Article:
"The shortcut that's sure to work, every time:
Take the long way.
Do the hard work, consistently and with generosity and transparency.
And then you won't waste time doing it over."
At my alma mater, the Medill School of Journalism, there was something known as the "Medill F"--it's the grade that you got when making even one spelling mistake on an assignment. One time, the specter of that "F" prompted me to agonize over whether the word "the" should be lowercase or capitalized in connection with the musicians who backed Bruce Hornsby--were they "the Range" or "The Range"?
I didn't know for sure, and in 1987, I didn't have Google (or anywhere on the Internet) to consult. I don't honestly recall how I resolved that mystery more than a quarter-century ago.
Since then, I have made some humbling goof-ups, such as the time, about 15 years ago, when I identified a high school student in a particularly controversial story about a teacher accused of misconduct as "Dustin Hoffman." The only part that actually matched was his first name--my brain just glided on cruise control and I tapped out the famous actor's last name without catching it on review.
Overall, though, I have managed to keep the frequency of avoidable errors to a minimum. I have taken the "long way," as Seth Godin has termed it, by doing the hard work upfront. As a result, there is little post-publication regret of having made such a boneheaded move.
Journalists are not the only ones working at a frantic pace. Sometimes, in the Chicago PR and marketing world, we find ourselves cranking out news releases on tight deadlines and later seeing a mistake staring us in the face. Usually, with me, it comes in the form of seeing the gaffe in an e-mail I sent only minutes earlier to a reporter. It's at this point that we face a decision:
A. Acknowledge the mistake, alert the reporter to the fix and circle back to others we may have already contacted with the same correction.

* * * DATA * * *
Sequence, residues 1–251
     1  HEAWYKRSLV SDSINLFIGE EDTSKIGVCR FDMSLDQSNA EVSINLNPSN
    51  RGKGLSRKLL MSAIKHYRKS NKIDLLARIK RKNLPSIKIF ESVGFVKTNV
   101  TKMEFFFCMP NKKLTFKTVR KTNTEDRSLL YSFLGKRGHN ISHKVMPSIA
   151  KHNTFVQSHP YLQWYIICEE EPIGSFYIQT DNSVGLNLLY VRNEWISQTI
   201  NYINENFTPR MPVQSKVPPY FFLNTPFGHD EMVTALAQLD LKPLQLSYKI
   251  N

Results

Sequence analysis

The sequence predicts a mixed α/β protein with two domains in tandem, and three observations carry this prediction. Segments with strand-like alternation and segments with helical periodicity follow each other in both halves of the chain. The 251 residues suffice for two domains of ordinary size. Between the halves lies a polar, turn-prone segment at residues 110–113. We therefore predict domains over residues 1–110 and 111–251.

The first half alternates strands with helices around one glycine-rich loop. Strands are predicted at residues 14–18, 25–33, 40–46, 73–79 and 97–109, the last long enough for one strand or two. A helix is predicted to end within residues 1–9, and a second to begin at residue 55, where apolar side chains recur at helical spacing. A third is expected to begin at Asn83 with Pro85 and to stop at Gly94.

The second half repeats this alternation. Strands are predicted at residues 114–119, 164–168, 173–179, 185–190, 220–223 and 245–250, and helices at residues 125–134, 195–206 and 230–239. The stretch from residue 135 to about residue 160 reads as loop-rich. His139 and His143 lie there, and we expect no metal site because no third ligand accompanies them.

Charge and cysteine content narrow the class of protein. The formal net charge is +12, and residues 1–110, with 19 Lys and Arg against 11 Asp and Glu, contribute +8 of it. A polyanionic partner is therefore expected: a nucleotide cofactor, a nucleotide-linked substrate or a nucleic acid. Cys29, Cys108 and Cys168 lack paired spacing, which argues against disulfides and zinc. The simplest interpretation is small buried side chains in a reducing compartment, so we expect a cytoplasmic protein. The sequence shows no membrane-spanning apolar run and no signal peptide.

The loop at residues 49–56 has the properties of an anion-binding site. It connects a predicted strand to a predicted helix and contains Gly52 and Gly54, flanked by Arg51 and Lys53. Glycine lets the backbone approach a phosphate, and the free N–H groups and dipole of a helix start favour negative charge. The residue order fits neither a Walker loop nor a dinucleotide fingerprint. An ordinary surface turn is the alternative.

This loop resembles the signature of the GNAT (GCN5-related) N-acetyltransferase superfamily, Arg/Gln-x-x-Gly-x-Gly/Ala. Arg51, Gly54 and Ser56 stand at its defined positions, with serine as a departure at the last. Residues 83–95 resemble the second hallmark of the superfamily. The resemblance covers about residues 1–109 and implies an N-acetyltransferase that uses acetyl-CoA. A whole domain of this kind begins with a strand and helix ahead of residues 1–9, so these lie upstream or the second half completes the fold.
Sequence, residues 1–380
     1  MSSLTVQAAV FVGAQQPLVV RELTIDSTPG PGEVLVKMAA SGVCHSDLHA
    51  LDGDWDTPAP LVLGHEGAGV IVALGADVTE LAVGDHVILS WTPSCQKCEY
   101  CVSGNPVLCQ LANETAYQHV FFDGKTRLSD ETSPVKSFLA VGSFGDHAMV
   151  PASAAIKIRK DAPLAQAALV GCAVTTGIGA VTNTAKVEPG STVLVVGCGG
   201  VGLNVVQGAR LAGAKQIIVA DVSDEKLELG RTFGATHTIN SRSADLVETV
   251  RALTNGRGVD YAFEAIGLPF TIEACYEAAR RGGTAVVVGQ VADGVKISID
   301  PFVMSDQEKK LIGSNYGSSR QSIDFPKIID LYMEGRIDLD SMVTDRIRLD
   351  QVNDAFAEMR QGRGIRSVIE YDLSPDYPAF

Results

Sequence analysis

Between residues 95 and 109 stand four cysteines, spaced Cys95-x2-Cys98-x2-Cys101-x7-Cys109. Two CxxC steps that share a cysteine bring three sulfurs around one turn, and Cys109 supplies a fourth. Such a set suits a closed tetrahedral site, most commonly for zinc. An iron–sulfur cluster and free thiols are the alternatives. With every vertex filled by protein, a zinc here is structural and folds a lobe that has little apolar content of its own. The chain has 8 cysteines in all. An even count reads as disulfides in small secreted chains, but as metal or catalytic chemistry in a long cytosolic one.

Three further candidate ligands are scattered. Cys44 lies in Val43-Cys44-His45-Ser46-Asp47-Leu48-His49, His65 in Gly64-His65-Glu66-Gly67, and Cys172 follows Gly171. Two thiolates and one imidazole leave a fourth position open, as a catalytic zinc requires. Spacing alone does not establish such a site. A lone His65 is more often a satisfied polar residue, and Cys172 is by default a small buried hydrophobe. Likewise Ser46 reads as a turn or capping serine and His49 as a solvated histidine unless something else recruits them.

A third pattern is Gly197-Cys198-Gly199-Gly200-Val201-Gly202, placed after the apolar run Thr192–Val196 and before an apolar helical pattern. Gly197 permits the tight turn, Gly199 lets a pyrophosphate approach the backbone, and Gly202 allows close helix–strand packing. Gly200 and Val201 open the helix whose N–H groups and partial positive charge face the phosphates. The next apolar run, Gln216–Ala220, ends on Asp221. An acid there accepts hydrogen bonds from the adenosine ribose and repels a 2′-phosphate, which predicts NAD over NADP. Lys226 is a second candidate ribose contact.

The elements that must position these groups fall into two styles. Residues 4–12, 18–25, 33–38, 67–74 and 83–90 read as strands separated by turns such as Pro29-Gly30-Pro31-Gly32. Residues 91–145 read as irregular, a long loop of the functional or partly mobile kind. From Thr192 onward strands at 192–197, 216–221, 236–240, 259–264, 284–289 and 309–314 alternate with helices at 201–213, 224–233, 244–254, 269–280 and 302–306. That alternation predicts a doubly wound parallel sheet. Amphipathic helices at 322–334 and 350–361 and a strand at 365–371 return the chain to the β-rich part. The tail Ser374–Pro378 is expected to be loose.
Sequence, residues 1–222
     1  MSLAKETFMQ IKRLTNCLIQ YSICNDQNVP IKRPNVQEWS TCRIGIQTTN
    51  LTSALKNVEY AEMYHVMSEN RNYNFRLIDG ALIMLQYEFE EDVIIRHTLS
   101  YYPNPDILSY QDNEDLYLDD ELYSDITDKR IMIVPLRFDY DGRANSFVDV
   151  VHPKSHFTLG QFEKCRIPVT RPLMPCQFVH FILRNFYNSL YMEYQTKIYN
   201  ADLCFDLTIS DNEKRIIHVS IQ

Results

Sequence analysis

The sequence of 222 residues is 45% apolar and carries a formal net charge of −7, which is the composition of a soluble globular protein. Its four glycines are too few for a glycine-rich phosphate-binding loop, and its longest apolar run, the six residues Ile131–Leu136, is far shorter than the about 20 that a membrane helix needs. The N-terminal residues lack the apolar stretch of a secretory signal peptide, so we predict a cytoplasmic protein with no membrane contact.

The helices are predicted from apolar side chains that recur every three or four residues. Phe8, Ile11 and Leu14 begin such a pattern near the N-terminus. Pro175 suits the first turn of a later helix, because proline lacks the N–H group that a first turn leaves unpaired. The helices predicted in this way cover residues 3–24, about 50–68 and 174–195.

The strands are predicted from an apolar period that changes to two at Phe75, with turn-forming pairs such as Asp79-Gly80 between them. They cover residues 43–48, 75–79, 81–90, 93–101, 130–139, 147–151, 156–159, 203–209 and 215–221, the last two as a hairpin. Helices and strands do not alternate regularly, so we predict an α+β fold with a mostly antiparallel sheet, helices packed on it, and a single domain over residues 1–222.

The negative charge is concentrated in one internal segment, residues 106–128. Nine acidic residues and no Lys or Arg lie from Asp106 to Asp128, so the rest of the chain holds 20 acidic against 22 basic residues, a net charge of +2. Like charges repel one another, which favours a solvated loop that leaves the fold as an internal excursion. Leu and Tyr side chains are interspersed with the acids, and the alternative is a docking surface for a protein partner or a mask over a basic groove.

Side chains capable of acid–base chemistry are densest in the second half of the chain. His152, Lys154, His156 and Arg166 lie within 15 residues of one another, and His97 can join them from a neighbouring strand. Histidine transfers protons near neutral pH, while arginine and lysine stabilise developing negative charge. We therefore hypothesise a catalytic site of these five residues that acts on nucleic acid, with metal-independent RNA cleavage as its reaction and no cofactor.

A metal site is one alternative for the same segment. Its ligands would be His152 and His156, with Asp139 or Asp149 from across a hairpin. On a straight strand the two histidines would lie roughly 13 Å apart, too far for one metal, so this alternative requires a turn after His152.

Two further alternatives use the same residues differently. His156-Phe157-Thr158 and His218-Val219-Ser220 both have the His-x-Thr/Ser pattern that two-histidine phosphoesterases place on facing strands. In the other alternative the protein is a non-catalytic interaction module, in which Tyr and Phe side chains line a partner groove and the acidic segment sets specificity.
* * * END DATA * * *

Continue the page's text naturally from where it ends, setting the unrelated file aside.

B. Shrug our shoulders, hope nobody catches the mistake, and fix things going forward.
I choose Option A. Humbling and embarrassing as it can be, doing so communicates to others that I am committed to getting it right, and taking that extra (belated) step to making sure they get it right, too. While it's not the most efficient use of time, it's far from a waste.
It builds trust. And as I have learned from the likes of Amway Diamond Bob Kummer, a World Wide DreamBuilders (WWDB) organization leader, there is this powerful and easy-to-overlook truth to consider: while there is no doubt that everyone makes mistakes, you can distinguish yourself by being among those who own up to them when they happen.
That willingness to humble yourself is a character trait too often lacking in relationships, from parents and their interactions with their children to business colleagues. Failing to embrace that truth, and opting for the shortcut of denial and deflection, could well mean short-circuiting some of the most significant relationships in your personal and business life.
P.S. If you are wondering about the "the" versus "The" question on Hornsby's group, it's "the." Yep, you can look it up now--which puts so many of the errors we make in the "avoidable" category.